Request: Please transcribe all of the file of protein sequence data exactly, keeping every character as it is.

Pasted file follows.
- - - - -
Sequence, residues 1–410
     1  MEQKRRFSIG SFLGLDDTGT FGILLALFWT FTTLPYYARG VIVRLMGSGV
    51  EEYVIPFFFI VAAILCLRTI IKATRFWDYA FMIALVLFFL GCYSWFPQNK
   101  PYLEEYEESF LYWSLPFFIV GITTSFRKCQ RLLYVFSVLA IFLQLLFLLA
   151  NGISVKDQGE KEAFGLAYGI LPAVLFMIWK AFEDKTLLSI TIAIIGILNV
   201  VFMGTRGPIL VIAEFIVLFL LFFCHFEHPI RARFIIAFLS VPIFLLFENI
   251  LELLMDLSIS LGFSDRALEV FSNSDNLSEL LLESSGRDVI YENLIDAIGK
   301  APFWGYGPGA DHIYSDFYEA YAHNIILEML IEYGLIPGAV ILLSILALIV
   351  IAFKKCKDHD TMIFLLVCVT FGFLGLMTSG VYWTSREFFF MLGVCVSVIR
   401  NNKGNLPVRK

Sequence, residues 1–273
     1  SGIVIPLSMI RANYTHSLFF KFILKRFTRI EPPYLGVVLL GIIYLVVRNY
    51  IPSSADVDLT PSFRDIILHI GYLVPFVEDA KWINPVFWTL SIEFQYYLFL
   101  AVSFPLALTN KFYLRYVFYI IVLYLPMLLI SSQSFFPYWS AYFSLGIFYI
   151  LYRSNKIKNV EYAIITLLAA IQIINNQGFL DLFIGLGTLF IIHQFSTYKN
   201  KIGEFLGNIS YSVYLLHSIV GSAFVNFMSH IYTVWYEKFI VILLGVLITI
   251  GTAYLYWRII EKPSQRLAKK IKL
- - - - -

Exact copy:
Sequence, residues 1–410
     1  MEQKRRFSIG SFLGLDDTGT FGILLALFWT FTTLPYYARG VIVRLMGSGV
    51  EEYVIPFFFI VAAILCLRTI IKATRFWDYA FMIALVLFFL GCYSWFPQNK
   101  PYLEEYEESF LYWSLPFFIV GITTSFRKCQ RLLYVFSVLA IFLQLLFLLA
   151  NGISVKDQGE KEAFGLAYGI LPAVLFMIWK AFEDKTLLSI TIAIIGILNV
   201  VFMGTRGPIL VIAEFIVLFL LFFCHFEHPI RARFIIAFLS VPIFLLFENI
   251  LELLMDLSIS LGFSDRALEV FSNSDNLSEL LLESSGRDVI YENLIDAIGK
   301  APFWGYGPGA DHIYSDFYEA YAHNIILEML IEYGLIPGAV ILLSILALIV
   351  IAFKKCKDHD TMIFLLVCVT FGFLGLMTSG VYWTSREFFF MLGVCVSVIR
   401  NNKGNLPVRK

Sequence, residues 1–273
     1  SGIVIPLSMI RANYTHSLFF KFILKRFTRI EPPYLGVVLL GIIYLVVRNY
    51  IPSSADVDLT PSFRDIILHI GYLVPFVEDA KWINPVFWTL SIEFQYYLFL
   101  AVSFPLALTN KFYLRYVFYI IVLYLPMLLI SSQSFFPYWS AYFSLGIFYI
   151  LYRSNKIKNV EYAIITLLAA IQIINNQGFL DLFIGLGTLF IIHQFSTYKN
   201  KIGEFLGNIS YSVYLLHSIV GSAFVNFMSH IYTVWYEKFI VILLGVLITI
   251  GTAYLYWRII EKPSQRLAKK IKL